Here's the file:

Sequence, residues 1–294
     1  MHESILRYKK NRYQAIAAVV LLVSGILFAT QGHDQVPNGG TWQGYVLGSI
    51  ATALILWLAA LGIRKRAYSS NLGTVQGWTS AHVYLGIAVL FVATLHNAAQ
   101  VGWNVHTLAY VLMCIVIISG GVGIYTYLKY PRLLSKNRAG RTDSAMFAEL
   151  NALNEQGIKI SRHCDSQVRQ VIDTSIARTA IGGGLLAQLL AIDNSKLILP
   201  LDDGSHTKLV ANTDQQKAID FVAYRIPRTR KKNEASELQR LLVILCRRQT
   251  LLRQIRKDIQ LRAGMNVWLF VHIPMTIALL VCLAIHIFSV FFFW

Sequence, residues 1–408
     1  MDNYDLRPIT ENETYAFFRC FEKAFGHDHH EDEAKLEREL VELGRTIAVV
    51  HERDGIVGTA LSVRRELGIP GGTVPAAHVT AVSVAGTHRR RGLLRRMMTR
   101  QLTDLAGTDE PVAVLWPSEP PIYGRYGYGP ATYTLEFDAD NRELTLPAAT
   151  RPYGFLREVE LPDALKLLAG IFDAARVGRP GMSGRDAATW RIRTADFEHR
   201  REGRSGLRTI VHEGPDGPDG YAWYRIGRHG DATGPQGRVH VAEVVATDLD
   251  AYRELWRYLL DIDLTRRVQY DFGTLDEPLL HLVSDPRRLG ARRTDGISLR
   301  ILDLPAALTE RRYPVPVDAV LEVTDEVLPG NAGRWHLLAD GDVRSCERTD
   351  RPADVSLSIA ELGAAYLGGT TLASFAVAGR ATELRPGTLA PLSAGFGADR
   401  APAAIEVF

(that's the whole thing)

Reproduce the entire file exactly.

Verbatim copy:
Sequence, residues 1–294
     1  MHESILRYKK NRYQAIAAVV LLVSGILFAT QGHDQVPNGG TWQGYVLGSI
    51  ATALILWLAA LGIRKRAYSS NLGTVQGWTS AHVYLGIAVL FVATLHNAAQ
   101  VGWNVHTLAY VLMCIVIISG GVGIYTYLKY PRLLSKNRAG RTDSAMFAEL
   151  NALNEQGIKI SRHCDSQVRQ VIDTSIARTA IGGGLLAQLL AIDNSKLILP
   201  LDDGSHTKLV ANTDQQKAID FVAYRIPRTR KKNEASELQR LLVILCRRQT
   251  LLRQIRKDIQ LRAGMNVWLF VHIPMTIALL VCLAIHIFSV FFFW

Sequence, residues 1–408
     1  MDNYDLRPIT ENETYAFFRC FEKAFGHDHH EDEAKLEREL VELGRTIAVV
    51  HERDGIVGTA LSVRRELGIP GGTVPAAHVT AVSVAGTHRR RGLLRRMMTR
   101  QLTDLAGTDE PVAVLWPSEP PIYGRYGYGP ATYTLEFDAD NRELTLPAAT
   151  RPYGFLREVE LPDALKLLAG IFDAARVGRP GMSGRDAATW RIRTADFEHR
   201  REGRSGLRTI VHEGPDGPDG YAWYRIGRHG DATGPQGRVH VAEVVATDLD
   251  AYRELWRYLL DIDLTRRVQY DFGTLDEPLL HLVSDPRRLG ARRTDGISLR
   301  ILDLPAALTE RRYPVPVDAV LEVTDEVLPG NAGRWHLLAD GDVRSCERTD
   351  RPADVSLSIA ELGAAYLGGT TLASFAVAGR ATELRPGTLA PLSAGFGADR
   401  APAAIEVF